Generally churches are facing blockages to insurance payouts, massive increases (e.g. 530%) to premiums, dilemmas re rebuild/restore versus demolish and walk away or start again, and necessity of fund-raising (e.g. even with insurance payout, the repairs need to be to a higher standard of strength than the church building had before the quakes so costs will exceed payouts).
Yesterday's gospel reading, John 15:9-17, has something to say to us at this time. I cite just the last words,
"These things I command you so that you will love one another."God is love and we are to love God, our neighbour, our enemies and one another. That is all!
A question I raised in my sermon was this: might God be less interested in whether we restore our current damaged cathedral or build a brand new one and more interested in whether we love one another? Similarly in respect of arguments in each parish about the future of our buildings: how we treat each other in the course of the arguments might matter more to God than whether we rebuild or new build, indeed whether we have a building or not.
My visit last night was a reminder that a church does not need to own a building in order to meet together. We can love one another without buildings being owned by ourselves.
We can perhaps go a little further on this line of reflection. The whole gospel passage, John 15:9-17, is of a piece with the great theme of John's Gospel, eternal life is given by God to those who by faith are drawn into the union of Father Son and Holy Spirit in an expanding communion of love. Does the church exist primarily for worship or for mission is a question we sometimes ask ourselves (and sometimes answer with the word 'Both!'). But John 15:9-17 points in a different direction: the church exists in love and for love. God's love calls the church into existence; the church exists through love. Where members of the body of Christ do not love one another the church effectively ceases to exist. Where members love one another there is true communion or fellowship.
So, what is the purpose of a church building? To be a place of worship? To be a base for mission? We can answer affirmatively to both questions, but John's Gospel pushes us hard to think more deeply. The purpose of a church building is not only worship (love God) and mission (love our neighbour and enemies) but also communion (love one another). We think, rightly, that our communion services (i.e. eucharists, masses, celebrations of the Lord's Supper) are acts of worship in which we are empowered for mission. But they are also acts of love in which those whom God loves share that love with one another, bread and wine becoming the body and blood of Christ as signs of the sacrificial love of God in Christ which commits us to love one another in Christ ('love one another as I have loved you', 15:12).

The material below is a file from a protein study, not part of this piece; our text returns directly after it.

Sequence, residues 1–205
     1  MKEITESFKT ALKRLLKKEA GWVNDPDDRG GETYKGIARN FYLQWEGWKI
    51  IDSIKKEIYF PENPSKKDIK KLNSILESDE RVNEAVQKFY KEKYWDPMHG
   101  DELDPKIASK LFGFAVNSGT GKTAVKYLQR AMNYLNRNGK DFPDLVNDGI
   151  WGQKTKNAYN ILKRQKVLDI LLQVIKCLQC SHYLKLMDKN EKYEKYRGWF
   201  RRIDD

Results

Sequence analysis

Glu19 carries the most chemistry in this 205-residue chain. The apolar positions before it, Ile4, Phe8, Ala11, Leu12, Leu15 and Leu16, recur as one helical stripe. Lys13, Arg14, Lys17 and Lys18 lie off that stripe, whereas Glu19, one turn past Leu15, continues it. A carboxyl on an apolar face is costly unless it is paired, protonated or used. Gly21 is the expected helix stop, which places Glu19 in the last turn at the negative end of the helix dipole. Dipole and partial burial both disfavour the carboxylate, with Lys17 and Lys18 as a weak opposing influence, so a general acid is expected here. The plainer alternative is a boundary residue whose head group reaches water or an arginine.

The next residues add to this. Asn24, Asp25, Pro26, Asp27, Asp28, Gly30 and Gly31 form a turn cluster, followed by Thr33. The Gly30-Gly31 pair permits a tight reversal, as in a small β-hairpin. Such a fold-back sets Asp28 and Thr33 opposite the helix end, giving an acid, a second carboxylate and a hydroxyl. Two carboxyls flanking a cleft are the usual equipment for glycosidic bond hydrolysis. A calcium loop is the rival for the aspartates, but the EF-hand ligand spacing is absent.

A special challenge, then, for Canterbury churches at this time is that we love one another. Our rebuilds and new builds will not serve the purpose of communion if along the way we fall out with one another rather than love one another. The foundations of our churches do not consist only of piles and slabs. Love must also be woven into the foundations.
"Last night I visited Campus Church, an independent evangelical student church (albeit with strong links and leanings towards the Anglican church"
- Dr. Peter Carrell -
In what specific connection, Peter, is this 'Campus Church' related to institutional Anglicanism. Is it in fact still 'wandering around looking for a home?'. And was your visit connected to an invitation to an 'Anglican priest' - or to a fellow Evangelical of 'no fixed abode'. I would be most interested to hear your opinion.
Perhaps some of your own student parishioners were looking for a venue to do something alternative to Anglican Evensong? the use of the word 'independent' has me wondering what, precisely is the 'Anglican leaning'?
I visited in order to keep in touch with life in churches round and about, because as D of E for the Diocese I think it important to understand the wider church scene (as far as time and energy permit). There are no formal links between Campus Church and institutional Anglicanism. It is an independent trust (as far as I can tell from its website) which is not under the oversight of any other church organisation. Its previous senior pastor was one of our vicars; its current senior pastor maintains good fellowship with a number of Anglican clergy.
As far as I know, no students in my current parish worship there in the evenings.
When Bonhoeffer wrote about "religionless Christianity" he was really referring to just this point you are making (although certain radical theologians twisted what he said into so-called Christian atheism and secular Christianity): the church divesting itself of much of its armature and taking up residence in the world as the loving, and vulnerable, Body of Christ. But, Peter, can you have a bishop without a cathedral? Can a bishop oversee from a Chinese house church? "Imagine no Cathedrals, I wonder if you can."
Umm, Robert F, I have a bishop without a cathedral and she is functioning quite fine. Not least because her role is one of oversight and involves activity by way of visiting all her churches.
In the end, however, I think she does need a place to place her cathedra (chair). I do not think this necessarily needs to be large or traditional in shape. It could be quite a simple space.
Umm, how many bishops does Tikanga Maori have again, and how many cathedrals?...
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